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For a project I need 400-1000 pins controlled by one arduino. Each pin should work similar as arduino pin, so something like 5V, 90mA. Is using dozens of shift registers a good idea? And what power source should I connect? My idea is following:enter image description here

So one shift register requires 3 input pins to control it, and if one shift register has 12 output pins, I can connect 4 more shift registers to one shift register. Is it a good idea and will it work?

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    Shift registers can be daisy chained. But why do you need so many pins...? – Majenko May 18 '17 at 8:52
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    Please be more specific about what it is you try to make. – Gerben May 18 '17 at 10:20
  • Why are you powering the Arduino and shift registers separately? And why the shift registers by batteries? 1000 pins at 90mA each will be at max 90A. – gre_gor May 18 '17 at 12:41
  • whatever you want to do, there has to be a simpler, better, and cheaper way of getting it done. tell us more and i doubt you'll regret it... – dandavis May 18 '17 at 21:50
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You don't connect shift registers as a tree. That would be awfully slow. Instead, you connect them as chains. Shift registers are meant to be chained by connecting the serial out of one register to the serial in of the next one, while both registers share the latch and clock lines. You can chain as many as you want this way: a chain of four 8-bit shift registers behaves like a single 32-bit shift register. See for example this Arduino tutorial on the 595 to see how the chaining works.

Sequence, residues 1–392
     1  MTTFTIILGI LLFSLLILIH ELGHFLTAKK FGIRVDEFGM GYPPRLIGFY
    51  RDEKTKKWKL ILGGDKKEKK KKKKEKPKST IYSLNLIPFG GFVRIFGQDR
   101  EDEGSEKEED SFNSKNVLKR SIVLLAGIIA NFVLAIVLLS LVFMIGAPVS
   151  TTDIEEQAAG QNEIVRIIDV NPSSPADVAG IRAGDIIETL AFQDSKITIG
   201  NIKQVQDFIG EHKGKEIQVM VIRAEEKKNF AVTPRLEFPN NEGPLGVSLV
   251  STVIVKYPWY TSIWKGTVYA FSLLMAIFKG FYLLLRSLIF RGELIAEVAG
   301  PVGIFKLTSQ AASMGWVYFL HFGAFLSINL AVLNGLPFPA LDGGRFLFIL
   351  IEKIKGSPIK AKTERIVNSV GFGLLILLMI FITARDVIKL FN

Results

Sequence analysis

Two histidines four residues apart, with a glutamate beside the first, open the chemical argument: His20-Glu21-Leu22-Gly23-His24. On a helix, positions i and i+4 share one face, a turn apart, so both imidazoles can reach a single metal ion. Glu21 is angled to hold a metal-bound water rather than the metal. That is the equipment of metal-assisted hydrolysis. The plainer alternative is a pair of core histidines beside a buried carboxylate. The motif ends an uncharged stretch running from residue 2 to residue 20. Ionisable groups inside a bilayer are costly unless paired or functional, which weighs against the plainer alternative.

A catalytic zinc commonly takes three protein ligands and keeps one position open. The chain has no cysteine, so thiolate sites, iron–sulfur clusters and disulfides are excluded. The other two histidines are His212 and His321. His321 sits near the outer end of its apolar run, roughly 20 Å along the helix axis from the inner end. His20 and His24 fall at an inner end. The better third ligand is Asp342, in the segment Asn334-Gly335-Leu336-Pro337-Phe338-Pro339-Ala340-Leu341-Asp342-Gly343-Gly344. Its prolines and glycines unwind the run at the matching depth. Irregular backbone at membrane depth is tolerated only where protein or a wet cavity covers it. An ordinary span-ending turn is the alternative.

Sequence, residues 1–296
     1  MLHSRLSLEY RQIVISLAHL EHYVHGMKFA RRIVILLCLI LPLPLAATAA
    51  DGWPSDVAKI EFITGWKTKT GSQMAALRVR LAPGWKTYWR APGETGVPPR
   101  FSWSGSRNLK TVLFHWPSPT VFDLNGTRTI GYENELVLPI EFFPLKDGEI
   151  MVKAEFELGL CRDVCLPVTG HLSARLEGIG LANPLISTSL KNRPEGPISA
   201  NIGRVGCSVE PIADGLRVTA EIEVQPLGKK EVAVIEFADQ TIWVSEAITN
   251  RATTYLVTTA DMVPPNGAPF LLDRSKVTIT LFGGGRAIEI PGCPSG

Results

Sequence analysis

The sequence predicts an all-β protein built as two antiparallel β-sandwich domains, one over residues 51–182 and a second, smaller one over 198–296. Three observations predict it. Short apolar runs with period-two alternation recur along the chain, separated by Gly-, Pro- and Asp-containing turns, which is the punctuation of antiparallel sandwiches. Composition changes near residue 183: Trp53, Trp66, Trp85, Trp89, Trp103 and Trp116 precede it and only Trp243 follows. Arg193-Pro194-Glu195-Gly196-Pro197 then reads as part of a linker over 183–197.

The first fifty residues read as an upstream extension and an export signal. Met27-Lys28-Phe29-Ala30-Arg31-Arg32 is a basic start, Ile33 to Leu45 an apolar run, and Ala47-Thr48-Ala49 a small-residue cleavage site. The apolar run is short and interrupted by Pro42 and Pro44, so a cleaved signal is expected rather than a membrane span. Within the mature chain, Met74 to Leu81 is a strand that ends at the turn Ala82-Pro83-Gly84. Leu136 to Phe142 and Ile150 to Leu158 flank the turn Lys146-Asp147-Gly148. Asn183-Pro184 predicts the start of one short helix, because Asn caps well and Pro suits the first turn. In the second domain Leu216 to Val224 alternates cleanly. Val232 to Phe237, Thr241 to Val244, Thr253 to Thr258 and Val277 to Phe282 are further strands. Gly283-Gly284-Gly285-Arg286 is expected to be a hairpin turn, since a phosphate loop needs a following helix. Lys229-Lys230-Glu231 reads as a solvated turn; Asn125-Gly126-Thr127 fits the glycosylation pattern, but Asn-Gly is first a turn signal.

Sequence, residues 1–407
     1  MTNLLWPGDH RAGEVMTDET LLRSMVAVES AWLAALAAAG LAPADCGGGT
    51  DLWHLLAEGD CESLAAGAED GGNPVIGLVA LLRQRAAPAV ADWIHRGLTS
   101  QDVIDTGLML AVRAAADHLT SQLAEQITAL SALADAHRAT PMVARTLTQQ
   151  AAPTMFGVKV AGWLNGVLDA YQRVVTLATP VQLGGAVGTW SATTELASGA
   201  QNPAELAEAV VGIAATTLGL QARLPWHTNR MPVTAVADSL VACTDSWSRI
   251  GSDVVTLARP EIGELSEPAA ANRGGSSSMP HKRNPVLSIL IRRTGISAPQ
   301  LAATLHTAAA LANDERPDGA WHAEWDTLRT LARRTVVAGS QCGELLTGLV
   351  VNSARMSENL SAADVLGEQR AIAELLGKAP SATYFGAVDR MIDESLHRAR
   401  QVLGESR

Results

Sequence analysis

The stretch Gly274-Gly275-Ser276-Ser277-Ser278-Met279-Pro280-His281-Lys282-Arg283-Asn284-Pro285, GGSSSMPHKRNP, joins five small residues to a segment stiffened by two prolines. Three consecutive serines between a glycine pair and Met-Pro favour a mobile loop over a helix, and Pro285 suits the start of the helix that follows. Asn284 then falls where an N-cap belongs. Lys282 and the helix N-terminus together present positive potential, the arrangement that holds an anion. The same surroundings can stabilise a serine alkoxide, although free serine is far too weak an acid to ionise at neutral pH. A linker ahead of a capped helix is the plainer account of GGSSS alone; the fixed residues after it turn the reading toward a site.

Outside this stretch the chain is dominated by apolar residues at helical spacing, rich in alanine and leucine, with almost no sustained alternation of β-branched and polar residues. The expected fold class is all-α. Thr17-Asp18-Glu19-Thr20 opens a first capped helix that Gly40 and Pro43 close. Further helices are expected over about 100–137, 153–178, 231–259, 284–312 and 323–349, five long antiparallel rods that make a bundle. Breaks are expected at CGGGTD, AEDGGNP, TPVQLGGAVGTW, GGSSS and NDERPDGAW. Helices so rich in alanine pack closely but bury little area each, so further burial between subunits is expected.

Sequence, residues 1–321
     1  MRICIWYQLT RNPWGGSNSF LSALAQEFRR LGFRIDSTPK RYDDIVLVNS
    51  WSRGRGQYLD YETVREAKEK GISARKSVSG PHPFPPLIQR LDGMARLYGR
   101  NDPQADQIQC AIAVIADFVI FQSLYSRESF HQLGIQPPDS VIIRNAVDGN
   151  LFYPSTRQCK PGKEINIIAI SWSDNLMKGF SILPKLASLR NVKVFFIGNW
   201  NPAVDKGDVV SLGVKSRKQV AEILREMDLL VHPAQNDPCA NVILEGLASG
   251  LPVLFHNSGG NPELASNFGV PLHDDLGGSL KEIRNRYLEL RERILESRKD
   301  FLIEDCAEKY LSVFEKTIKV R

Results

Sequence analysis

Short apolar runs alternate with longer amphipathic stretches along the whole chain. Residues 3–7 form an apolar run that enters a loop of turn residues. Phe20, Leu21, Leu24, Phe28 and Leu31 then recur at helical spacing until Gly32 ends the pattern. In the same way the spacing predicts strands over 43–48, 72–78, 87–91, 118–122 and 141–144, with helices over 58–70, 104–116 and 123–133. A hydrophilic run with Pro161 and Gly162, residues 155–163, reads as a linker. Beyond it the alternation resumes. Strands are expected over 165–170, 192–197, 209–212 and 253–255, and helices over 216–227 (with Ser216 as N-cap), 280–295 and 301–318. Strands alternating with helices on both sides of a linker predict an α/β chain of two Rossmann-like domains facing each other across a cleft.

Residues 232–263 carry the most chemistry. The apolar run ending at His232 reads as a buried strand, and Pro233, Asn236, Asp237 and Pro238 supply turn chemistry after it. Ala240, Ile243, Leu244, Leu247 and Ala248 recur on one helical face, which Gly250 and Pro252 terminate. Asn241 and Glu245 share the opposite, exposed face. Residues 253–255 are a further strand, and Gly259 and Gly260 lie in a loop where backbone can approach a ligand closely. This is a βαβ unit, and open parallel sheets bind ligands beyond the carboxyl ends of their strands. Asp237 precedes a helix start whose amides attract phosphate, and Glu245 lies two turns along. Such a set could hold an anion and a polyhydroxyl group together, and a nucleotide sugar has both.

There is an issue, however, in making long chains: whenever you want to change the state of one single output you have to shift the whole chain again. And the longer the chain the longer it takes. Thus it is more efficient to put in a single chain outputs that you will likely want to change together, and use independent chains for outputs that are most likely going to change at different times.

As for the wiring, you need three Arduino pins to drive one chain of registers: data, clock and latch. But you can share the data and latch pins between many chains, as long as you have a dedicated clock pin for each chain. You should then be able to drive n independent chains using n + 2 Arduino outputs.

As for the power, you have to estimate your power consumption (not just the shift registers, but also whatever they are sourcing current into) and find a 5 V power supply big enough to power your whole circuit.

  • But will shift registers support analog and digital input output pins? And lets say there are 500 pins, what approximate time is needed to update pins state? Is this resulting delay takes microseconds, milliseconds or noticable fraction of a second to update pins? Thanks – rint May 19 '17 at 21:32
  • @rint: My answer was written thinking in terms of digital outputs. You can find parallel-in serial-out shift registers that can do digital inputs. Neither type can do analog, but you can look into analog multiplexers for that purpose. You may want to time a loop of shiftOut() to get an idea of the time required (one call to shiftOut() outputs 8 bits). – Edgar Bonet May 20 '17 at 7:20
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Here is a whole different approach.

Look at how they built the motion-controlled coffee table:

http://www.evilmadscientist.com/?s=LED+coffee+table enter image description here

It has hundreds and hundreds of connections, so they subdivided the board so they could have distributed Arduinos.

So it is possible to control that many pins, and it may be best to use multiple Arduinos.

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